- On Casty’s Robert Rossen: The Films and Politics of a Blacklisted Idealist
Alan Casty is on a mission—an important (if not particularly Jewish) one, in more ways than he may have been aware. Casty’s declared purpose in Robert Rossen: The Films and Politics of a Blacklisted Idealist is twofold: first, to raise writer-director Rossen from comparative cinematic obscurity to the pinnacle of the auteurist Pantheon; and second, more controversially, to reassign the brunt of moral turpitude from those who, like Rossen, named names before the House Un-American Activities Committee (HUAC) to those who denounced cooperation with the HUAC yet remained silent about the far graver depredations of the Soviet Union. Along the way, Casty also manages to enhance our understanding of the creative process during the classical Hollywood period.
The revising upward of Rossen’s filmmaking reputation is a bit of a stretch—not because his work is not worthy of major accolades but because it has not been denied them to the extent that Casty claims. Casty himself quotes glowing reviews of several Rossen films and cites Cahiers du cinema’s posthumous dedication in 1966 (he died earlier that year) of a “special issue to Rossen’s work” (213). Nor is Casty’s complaint that such praise was limited to Europe borne out by even a cursory gloss of the literature. In regard to the post–World War II “change in style and content that would be as radical as the economic and social dislocations of [End Page 217] the changeover to sound,” Louis Giannetti and Scott Eyman assert in Flashback: A Brief History of Film (1986), “No single film demonstrated this change in attitude quite as succinctly as Robert Rossen’s Body and Soul .”1 Thomas Schatz, in Boom and Bust: American Cinema in the 1940s (1999), calls Rossen’s All the King’s Men (1949) “a stylistic tour de force” that “injected a new energy and social awareness into the American cinema.”2 Thomas W. Bohn and Richard L. Stromgren’s Light and Shadows: A History of Motion Pictures (1983) includes Rossen in a select group that “influenced and set the tone for American film of the sixties.”3 And Paul Monaco’s History of American Cinema: The Sixties (2001) singles out Rossen’s The Hustler (1961) for challenging “the best of the French New Wave films.”4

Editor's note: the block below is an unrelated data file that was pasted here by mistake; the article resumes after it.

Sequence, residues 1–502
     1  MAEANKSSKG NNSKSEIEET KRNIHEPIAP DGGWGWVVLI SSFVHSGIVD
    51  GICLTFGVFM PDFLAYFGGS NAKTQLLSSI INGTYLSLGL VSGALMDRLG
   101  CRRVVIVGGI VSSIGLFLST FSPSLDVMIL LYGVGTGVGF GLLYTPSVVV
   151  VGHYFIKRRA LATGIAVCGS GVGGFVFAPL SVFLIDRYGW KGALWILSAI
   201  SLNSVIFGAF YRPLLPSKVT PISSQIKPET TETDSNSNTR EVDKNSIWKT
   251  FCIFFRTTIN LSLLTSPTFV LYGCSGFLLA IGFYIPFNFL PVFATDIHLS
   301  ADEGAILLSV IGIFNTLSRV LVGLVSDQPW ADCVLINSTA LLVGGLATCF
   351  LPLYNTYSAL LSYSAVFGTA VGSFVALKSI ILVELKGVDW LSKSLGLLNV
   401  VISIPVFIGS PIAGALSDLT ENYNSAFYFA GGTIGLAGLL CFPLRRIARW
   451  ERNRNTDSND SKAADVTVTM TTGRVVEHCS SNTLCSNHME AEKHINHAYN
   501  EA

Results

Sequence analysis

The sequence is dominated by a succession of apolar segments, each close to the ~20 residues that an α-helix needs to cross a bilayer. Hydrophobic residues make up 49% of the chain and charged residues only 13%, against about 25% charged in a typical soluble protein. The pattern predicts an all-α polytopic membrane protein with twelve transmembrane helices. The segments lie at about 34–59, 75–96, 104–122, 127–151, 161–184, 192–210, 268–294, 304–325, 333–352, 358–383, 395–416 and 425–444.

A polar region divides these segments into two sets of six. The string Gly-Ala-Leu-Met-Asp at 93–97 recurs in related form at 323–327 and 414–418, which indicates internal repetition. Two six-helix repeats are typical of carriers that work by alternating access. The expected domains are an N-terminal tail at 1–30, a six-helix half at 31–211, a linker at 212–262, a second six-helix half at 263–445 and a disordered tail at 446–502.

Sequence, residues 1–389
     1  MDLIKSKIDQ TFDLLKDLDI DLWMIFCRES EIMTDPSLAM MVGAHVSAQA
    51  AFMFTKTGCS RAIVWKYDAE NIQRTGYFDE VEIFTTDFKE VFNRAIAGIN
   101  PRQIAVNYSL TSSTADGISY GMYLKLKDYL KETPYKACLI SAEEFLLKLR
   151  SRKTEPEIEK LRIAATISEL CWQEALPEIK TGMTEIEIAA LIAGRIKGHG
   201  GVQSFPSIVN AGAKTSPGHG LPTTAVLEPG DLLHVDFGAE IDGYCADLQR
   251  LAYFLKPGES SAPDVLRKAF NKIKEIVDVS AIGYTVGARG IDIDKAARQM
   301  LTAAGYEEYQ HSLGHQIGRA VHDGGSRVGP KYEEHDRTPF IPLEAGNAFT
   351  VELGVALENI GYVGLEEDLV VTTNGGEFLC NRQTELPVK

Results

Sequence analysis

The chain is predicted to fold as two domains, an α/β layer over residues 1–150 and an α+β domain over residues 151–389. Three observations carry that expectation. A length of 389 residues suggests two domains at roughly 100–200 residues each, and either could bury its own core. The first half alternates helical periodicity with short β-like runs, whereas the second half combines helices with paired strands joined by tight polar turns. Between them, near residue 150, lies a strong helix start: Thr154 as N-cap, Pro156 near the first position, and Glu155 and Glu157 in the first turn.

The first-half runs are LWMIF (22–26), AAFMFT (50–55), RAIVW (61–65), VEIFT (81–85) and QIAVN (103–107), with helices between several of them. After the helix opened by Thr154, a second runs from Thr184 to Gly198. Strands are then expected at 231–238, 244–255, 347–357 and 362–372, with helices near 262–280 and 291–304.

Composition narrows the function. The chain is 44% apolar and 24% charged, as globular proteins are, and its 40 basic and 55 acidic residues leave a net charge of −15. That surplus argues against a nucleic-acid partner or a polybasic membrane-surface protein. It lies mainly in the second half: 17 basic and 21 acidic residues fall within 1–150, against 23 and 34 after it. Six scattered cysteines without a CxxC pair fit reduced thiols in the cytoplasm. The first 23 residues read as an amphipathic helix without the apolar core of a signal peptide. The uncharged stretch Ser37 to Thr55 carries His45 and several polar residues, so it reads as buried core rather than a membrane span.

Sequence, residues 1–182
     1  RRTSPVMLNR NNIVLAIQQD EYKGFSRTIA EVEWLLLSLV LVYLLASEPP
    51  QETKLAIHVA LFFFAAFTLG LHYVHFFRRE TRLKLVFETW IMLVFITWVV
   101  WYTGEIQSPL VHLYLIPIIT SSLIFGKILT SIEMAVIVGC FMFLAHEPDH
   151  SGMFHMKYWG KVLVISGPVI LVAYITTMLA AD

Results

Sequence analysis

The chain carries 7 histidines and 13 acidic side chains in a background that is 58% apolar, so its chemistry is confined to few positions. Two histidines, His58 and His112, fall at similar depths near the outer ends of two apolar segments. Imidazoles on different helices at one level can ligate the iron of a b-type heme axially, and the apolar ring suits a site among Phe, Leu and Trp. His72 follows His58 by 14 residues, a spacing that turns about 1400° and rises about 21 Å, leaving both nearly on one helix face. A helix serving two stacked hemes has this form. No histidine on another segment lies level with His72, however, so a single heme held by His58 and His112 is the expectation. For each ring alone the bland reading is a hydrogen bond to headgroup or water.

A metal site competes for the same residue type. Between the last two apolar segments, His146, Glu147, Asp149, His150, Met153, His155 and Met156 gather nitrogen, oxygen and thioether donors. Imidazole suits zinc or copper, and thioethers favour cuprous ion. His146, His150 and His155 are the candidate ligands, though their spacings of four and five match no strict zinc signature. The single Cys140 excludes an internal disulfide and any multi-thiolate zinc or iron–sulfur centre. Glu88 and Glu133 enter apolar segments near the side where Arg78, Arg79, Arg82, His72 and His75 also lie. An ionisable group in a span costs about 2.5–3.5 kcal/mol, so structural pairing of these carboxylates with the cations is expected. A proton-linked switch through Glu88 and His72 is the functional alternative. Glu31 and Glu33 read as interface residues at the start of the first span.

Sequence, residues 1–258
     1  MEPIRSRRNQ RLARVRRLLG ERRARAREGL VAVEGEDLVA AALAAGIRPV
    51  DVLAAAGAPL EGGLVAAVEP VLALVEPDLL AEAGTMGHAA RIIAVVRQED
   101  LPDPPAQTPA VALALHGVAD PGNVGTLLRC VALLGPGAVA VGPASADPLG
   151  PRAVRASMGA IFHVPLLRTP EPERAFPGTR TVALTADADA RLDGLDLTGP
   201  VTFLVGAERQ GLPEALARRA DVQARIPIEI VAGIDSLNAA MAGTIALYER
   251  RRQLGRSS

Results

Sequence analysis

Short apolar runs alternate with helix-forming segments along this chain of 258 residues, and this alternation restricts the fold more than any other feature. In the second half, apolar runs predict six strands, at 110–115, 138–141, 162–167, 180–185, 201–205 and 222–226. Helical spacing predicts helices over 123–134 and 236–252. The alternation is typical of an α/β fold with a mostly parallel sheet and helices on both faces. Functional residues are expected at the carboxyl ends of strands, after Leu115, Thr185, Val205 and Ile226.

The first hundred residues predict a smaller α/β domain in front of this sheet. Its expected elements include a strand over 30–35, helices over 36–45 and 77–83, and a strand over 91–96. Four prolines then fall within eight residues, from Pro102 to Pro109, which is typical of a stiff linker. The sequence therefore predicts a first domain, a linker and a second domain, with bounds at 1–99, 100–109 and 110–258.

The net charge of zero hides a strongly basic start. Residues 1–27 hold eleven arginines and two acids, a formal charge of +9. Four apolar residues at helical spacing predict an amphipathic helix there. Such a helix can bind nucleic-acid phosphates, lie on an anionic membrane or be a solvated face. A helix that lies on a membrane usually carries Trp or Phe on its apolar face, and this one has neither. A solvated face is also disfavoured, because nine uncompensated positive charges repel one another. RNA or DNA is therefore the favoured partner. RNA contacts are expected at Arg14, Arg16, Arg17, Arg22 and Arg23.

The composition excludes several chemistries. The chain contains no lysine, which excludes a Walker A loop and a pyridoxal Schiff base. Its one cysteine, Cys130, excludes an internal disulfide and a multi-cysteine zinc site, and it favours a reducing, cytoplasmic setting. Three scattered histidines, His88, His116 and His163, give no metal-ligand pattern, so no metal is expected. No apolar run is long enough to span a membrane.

Casty’s alleging “more than a half century of the denial of [Rossen’s] legacy” (11) is thus clearly overstated, and his claiming that Rossen created “the most complete realization in cinematographic form of the indefinable” is hagiographic to the extreme. It is true, however, that no one other than Casty has written a full-length study of Rossen’s oeuvre, first with a short monograph for New York’s Museum of Modern Art in 1969 and now with this extremely comprehensive and perceptive analysis. His treatment here, of Rossen’s body of work in relation to his life experiences, is especially impressive, fully justifying his contention that “the creative inter-action between [Rossen’s] life—and particularly his political beliefs and conflicts—and his films was (and remains) unique among American directors” (8).
Casty compellingly demonstrates that leftist ideals course through Rossen’s work from his earliest New York stage writing and directing in the 1930s, and that disillusionment with the American Communist Party (CPUSA), which began in the late 1940s after more than a decade’s active membership and climaxed with his 1953 HUAC testimony, colored his remaining corpus to an uncommon degree. Though not Rossen’s first or only film to confront the HUAC controversy, The Hustler crystallized it in the archetypal titular figure, who embodied the idealistic betrayal that Rossen attributed to the CPUSA and for which he himself was (and continues to be) blamed by the political left.
Casty’s most explosive sections deal with the HUAC period (1947–1955). Though he has no truck with the committee and the blacklist that followed on its heels, he...